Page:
But then, my inner beekeeper loves anything to do with bees! Her character, a 40-ish woman feeling stalely wed to a very nice man rebels and falls for a Catholic monk….I was unsympathetic even tho’ I know something about stale marriages; mostly because her affair felt like delayed adolescence to me. The toed-in mystery of her mother’s insanity brings out a tale of a conspiracy of friends committing a mercy-killing of her father years before and in the church’s “Mermaid Chair”. The entire trauma could be averted by a society AND a Church that didn’t advocate crap like “redemptive pain” in terminal illness. So, the very patriarchally correct ending…wife returned gratefully to husband, monk to his cloister didn’t surprise me. Status quo, status quo….the bell really SHOULD toll for you.
20/21/22 “The King Raven Trilogy” by Stephen Lawhead (“Hood”, “Scarlet”, and “Tuck”) Over 1100 pages. Yee bloody haw. Back in the 70’s I read a series of books by Lawhead….beginning with “Lord Foul’s Bane” and my biggest memory was of a lot of TORTUROUS text. But my son recommended this, knowing I love Robin Hood tales.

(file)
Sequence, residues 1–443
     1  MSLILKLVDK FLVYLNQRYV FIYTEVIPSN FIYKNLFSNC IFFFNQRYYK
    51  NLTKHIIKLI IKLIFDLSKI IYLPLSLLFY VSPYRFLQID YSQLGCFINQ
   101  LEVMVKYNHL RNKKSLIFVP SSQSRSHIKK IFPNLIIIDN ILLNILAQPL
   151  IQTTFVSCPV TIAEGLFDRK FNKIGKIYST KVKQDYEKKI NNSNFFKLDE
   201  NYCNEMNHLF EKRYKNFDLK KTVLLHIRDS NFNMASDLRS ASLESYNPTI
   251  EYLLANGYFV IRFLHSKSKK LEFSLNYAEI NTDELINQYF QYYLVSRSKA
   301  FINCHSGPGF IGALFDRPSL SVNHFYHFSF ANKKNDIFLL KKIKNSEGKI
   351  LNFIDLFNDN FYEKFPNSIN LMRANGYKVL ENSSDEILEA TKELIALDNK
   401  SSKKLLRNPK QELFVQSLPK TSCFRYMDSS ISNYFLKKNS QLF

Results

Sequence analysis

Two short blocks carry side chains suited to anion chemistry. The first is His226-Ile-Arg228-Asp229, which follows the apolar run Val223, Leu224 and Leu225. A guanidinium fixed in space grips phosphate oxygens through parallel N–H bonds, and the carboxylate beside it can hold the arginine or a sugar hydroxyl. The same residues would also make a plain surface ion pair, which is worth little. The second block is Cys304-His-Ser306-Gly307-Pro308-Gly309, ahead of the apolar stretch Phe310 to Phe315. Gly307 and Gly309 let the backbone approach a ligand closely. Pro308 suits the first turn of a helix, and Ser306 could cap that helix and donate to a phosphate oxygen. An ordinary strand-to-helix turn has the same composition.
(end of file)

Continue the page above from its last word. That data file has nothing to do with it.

Ahem. Still torturous. He did pull a couple rabbits from the hat: he places Hood in the rule of William Rufous…son of William the Norman-bastard Conqueror. The Normans are cardboard cut-out creeps, as expected.
Trouble is, it is hard to feel much for his King Raven either —now a Welsh princeling. He did his research of the host of stories and legends that went before, I give credit for that. His second book…about Will Scarlet’s acts is better and the character warmer. But that is when reality begins to slide…they’d have tortured a captured Will into revelation of Hood’s hideaway “tres rapidement” and that would have been that.
“Tuck” wraps up the story bringing all to a very merry conclusion…not quite how I recall other legends ending. If you are trapped in an airport during a week long snowstorm? This is your book, but still Lawhead is TORTUROUS. And remember, this is said by a woman who LOVES Dostoyevsky…so it isn’t length alone.
23. “The Last Battle” by Stephen Harding was my NON-fiction diversion, picked up because it SOUNDS like fiction. Imagine an American tank crew, German Army, French politicians, and even an SS officer all fighting on the SAME side in a battle at the ragged ends of the WWII war in Europe? See, told ya it was fiction-worthy.